You have obviously paid no attention to the words Majority, Throughout the Iranian History, Zoroastrian Costume and Right To Choose in my statement. .

    Also, neither several thousands of Iranian history is limited to the diary of your dad and your female family members, nor did your female family members represent all Iranian women before the revolution. It is a well-known fact that Iranians, both men and women, were way more religious in every aspect (apart from some small areas in Tehran and in couple of other cities perhaps), before the revolution and that most of them only lost interest in religion, (including hijab) once they achieved a theocratic system.

    And by the way, this sort of dress might be a taboo in some villages and Ghom but it is definitely not a taboo in any of the Iranian cities. I have personally visited most parts of Iran and girls in all of them are not less fashionable than those in Tehran if not more.

    • Ali Kimiai   January 10, 2014 at 10:03 pm


      Up to 100 years ago all the women in Europe had to cover themselves from head to toe, only the face could have been revealed, we live in 21st century and Hijab belongs to medieval time. Any women in good mind if given the opportunity would choose to dress freely and to say the majority of Iranian women chose to wear J=Hijab is a fallacy.

  10. Ali Kimiai   January 9, 2014 at 8:34 pm

    This is just a regime propaganda to show that the newly selected President is moderate, the truth is that during his first 100 days term, there were over 300 executions and many of those in Public. You will see more public executions and Human Rights violations on daily basis than few Iranian girls covering themselves fashionably. Only parts of Tehran, women are allowed to dress like the pictures shown here, the rest of the country and main part of Iran this sort of dress is a taboo.
    For those who say here that Hijab is not Islamic and it was the norm in Iran before Islam are exactly right and that was a universal thing all over the world. Even in Europe we had women covering themselves head to toe up until 100 years ago.
    Hijab is a barbaricthing and we should not respect it, it is a sort of Gender Apartheid.

    • Elicua   January 10, 2014 at 4:54 am

      we did not have to cover ourselves before the revolution. my father was part of the revolution when they overthrew the shah, and before this not one of my female family members wore a head scarf in iran. they wore whatever they wanted to, obviously what they wanted to wear was much more modest. But no, Hijab was NOT the norm in iran before the revolution so i suggest you do your research.

  11. Real Lapalme   January 9, 2014 at 2:55 pm

    The veil predates Islam, was already a Persian custom, and did not become part of Sharia until Persia became Muslim. It is one of the many tribal traditions that brought innovations to sharia, never practiced by the Prophet (saws). He hung a curtain in his house so they could have privacy. Please forgive any mistakes.

  12. Farhad   January 9, 2014 at 2:35 pm

    If you do some research on the subject, you will realize that Iranian women always covered themselves throughout the history. The fact that revealing costume has never been part of Iranian fashion and culture can be easily proved by going to some well known museums around the world and checking out zuresterian women’s outfit in the old times. What has made an Iranian woman rebellious and eager to expose her body nowadays is the counter effect or the enforcement of certain laws depriving them from their right to choose. Otherwise, the vast majority of Iranian women were reluctant to exhibit their body when they had every right to do so before the revolution.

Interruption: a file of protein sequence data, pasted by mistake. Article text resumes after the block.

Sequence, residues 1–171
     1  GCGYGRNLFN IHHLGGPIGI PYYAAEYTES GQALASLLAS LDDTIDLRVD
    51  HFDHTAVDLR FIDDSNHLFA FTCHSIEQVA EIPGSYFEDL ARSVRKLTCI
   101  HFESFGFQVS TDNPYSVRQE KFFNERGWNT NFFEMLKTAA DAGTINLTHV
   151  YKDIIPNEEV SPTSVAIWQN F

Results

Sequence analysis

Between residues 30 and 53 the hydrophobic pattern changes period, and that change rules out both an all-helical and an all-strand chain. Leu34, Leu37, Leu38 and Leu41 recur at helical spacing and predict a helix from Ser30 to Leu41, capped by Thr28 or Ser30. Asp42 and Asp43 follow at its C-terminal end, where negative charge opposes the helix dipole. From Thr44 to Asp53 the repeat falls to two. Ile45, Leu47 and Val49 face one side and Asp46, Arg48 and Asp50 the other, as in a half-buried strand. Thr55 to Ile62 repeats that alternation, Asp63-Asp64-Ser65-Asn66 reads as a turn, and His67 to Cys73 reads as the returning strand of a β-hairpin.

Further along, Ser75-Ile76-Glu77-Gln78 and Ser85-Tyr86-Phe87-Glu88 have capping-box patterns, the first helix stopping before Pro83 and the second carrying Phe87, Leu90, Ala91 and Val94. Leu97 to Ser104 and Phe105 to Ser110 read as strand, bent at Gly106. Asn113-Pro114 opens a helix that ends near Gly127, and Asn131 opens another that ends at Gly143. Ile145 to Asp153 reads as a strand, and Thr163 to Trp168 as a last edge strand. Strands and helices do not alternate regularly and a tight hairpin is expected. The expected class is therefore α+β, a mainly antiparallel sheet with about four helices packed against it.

13. Farhad   January 9, 2014 at 1:53 pm

    If you do some research on the subject you will realize that Iranian women always covered themselves throughout the history. The fact that revealing outfit has never been part of Iranian fashion and culture, can be easily proved by going to some well known museums around the world and checking out Zuresterian women’s dress in the old times. What has made an Iranian woman rebellious and eager to expose her body nowadays is the counter-effect of the enforcement of certain laws depriving them from their right to choose. Otherwise, even before the revolution, the vast majority of Iranian women were reluctant to expose their bodies even though they were free to do so.

  14. Robert   January 9, 2014 at 9:21 am

    Independence is the right of every person but

  15. Shahram   January 8, 2014 at 4:59 pm

    You call this fashion?! You should have seen Tehran during before the revolution… THAT was fashion… These women dress like scarecrows…

  16. Hazel   January 8, 2014 at 3:42 pm

    I agree most of the comments for Iranian women,especially when you live in Europe, you can distinguish women from Iran,they are very ambitious for education and very elegant…

  17. sarah   January 7, 2014 at 11:49 am

    It seems not much research has gone into this piece before being written. FYI:
    1. A modern woman may dress in any way she desires, a scarcely clad woman does not necessarily imply modernity, it is simply choice. Choice is what Iranian women have been deprived of for the past 33 years, following the Islamic Revolution, prior to that the majority of urban Iranian women dressed in whatever they wanted it, being it Parisian fashion, traditional national costumes or the Islamic veil. 3. with the exception of some tribal Arab women in the southern part of Iran, Iranian women rarely covered their faces, the borqua was not worn in Iran it was worn in Afghanistan after the Taliban took over. Finally, Iranian women were always known for their taste in fashion and had a particular style, it is neither new nor the so called “modern women” who is introducing it to society in Iran. There is so much more to Iranian women than the way they dress. For example there are 60% female university students as there are males and as many doctors, lawyer, entrepreneurs and scientists, it is a real shame why we hardly ever see an article written on those women who form a remarkable portion of the Iranian society.